Jonah Puskar ’20 / Emertainment Monthly Comic Books Editor
This year marks the return of a comic book staple, The WildStorm Universe. WildStorm veteran Warren Ellis is writing the new headlining book, The Wild Storm, with art from Jon Davis-Hunt. Ellis’ book is the beginning of the return of the former imprint’s universe in the DC Rebirth Multiverse.
The reboot is in line with DC’s plans of varying imprints and multiversal books. Currently DC publishes the book Earth 2: Society, which takes place outside of the main universe in the DC Rebirth line. While it may not be similar in it’s exact approach, this new wave of WildStorm books isn’t unlike DC’s newest imprint line, Young Animals. Curated by author and musician Gerard Way, this new imprint features the eclectic and oddball side of the DC Universe, including books such as the ever mind-boggling Doom Patrol (written by Way), the grim-noir Mother Panic, the retro Cave Carson Has A Cybernetic Eye, and the psychedelic Shade, the Changing Girl. Warren’s universe seems to promise a different tone and look current readers might not get in typical DC books.
The WildStorm books have had a long history, both before DC and now. Founded in 1992 by current DC co-publisher Jim Lee, WildStorm featured popular titles such as WildC.A.T.s, Stormwatch, The Authority, Wetworks, Gen¹³, & Dv8. Ellis plans on bringing back the characters of these stories in his new line of books, with similar backstories but new adventures. So far the only book to come out has been The Wild Storm, a reintroduction to the world of WildStorm and it’s many characters. Ellis has confirmed second book to come out soon, Michael Cray, which will focus on the character known as Deathblow, and a recently announced WildC.A.T.s series. There are rumors and suggestions of a fourth series to come out after WildC.A.T.s as well. The Wild Storm will pave the way for these new books, bringing a bulk of these characters back, such as Cray and members of the WildC.A.T.s team. It is unknown if beloved characters such as Midnighter and Apollo will appear, as they have already been folded into the main DC Rebirth universe, sharing an Earth with the other main DC characters, but Ellis has stated that if he included them, they would not be the same characters as the ones seen in the recent Midnighter and Apollo miniseries released under the Rebirth line.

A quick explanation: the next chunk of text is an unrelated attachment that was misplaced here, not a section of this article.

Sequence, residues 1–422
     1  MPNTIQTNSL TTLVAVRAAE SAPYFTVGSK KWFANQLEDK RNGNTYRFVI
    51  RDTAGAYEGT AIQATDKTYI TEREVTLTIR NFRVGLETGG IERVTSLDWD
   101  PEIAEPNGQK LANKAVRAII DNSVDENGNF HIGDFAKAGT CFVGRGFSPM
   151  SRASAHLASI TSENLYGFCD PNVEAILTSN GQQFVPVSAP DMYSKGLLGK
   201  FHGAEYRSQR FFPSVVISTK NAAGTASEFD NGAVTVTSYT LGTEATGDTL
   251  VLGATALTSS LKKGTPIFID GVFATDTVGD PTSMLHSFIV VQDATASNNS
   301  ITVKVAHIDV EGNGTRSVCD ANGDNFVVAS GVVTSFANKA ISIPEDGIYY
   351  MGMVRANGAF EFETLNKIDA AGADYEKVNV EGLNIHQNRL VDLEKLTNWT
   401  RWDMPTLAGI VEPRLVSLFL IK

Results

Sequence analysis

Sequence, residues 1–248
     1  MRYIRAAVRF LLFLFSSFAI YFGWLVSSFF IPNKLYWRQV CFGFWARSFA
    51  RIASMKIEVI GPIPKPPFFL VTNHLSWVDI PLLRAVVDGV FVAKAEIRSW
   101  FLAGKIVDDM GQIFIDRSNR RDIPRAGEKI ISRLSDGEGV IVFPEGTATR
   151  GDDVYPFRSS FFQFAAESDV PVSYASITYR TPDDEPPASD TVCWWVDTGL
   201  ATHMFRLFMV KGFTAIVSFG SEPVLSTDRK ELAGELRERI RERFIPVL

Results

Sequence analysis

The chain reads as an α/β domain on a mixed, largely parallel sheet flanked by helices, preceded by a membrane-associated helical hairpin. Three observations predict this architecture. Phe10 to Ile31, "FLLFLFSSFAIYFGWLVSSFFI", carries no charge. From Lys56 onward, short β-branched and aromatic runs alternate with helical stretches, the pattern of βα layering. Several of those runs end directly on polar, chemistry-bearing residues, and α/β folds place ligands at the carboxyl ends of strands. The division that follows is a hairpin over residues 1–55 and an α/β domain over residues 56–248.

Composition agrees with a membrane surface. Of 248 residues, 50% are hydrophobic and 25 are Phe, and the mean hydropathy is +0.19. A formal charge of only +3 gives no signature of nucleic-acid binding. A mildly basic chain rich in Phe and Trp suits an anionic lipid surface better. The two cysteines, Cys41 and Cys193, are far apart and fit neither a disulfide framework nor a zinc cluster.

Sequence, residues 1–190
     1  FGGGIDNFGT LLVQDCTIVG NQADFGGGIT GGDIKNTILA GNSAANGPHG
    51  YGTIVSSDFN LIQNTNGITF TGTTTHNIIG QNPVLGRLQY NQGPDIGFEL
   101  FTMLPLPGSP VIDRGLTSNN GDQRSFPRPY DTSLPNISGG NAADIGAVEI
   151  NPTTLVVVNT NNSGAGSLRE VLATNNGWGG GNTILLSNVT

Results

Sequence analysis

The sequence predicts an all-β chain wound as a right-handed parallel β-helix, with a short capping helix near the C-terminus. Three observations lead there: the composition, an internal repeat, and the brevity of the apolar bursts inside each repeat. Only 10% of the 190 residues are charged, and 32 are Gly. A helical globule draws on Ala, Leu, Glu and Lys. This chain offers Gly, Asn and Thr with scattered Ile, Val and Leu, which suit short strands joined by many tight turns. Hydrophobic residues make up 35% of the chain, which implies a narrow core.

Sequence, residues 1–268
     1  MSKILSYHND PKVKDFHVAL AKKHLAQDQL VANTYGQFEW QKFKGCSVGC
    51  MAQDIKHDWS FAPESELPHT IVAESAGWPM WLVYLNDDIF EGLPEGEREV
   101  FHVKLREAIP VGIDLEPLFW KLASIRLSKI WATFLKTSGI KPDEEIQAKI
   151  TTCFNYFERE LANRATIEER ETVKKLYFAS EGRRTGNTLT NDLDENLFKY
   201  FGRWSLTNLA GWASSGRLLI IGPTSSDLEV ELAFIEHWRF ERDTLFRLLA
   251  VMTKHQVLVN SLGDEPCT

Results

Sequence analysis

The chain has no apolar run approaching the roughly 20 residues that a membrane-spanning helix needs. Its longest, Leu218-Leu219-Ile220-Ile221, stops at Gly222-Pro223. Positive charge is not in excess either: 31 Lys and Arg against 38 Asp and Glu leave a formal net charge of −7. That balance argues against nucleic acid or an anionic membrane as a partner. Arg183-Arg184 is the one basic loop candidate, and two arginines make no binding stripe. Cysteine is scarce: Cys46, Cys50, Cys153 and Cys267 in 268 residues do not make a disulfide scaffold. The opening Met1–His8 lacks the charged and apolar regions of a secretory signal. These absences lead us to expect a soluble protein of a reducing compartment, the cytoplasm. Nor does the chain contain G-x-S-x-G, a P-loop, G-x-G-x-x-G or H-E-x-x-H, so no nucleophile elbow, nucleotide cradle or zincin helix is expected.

As for a review, The Wild Storm #1 does a fairly good job of bringing back a beloved property. A bit serious, a bit eclectic, it encompasses much of the tone of the former line. The series begins with a gritty scene of the reintroduced Zealot completing an assignment, a gritty scene with a bit of humor sprinkled in, a welcome scene for those familiar with the older WildC.A.T.s stories. Davis-Hunt even gives readers a fun moment where the blood splattered on Zealot’s face resembles her former iterations face markings. Soon after readers are also briefly shown a returned Voodoo, a very similar Michael Cray, a reimagined Engineer, as well as Marlowe, his organization Halo, and his companion Void. While some liberties have been taken with a few of these characters, they aren’t vastly different from their previous portrayals. With hints at a returning WildC.A.T.s in this series, Ellis has presented a good framework of what is to come. It is obvious however that the way this series is written is more to entice the return of fans of the previous brand, as opposed to a wave of readers newer to the characters, with certain aspects not quite as accessible to those unfamiliar. Also, Ellis’ writing could add more excitement to it, with Davis-Hunt not used to his full potential on most scenes, with the casual grittiness allowing for a too-relaxed art style. Hopefully we’ll see these things improve in the future, which they likely will.
Overall rating: 8.5/10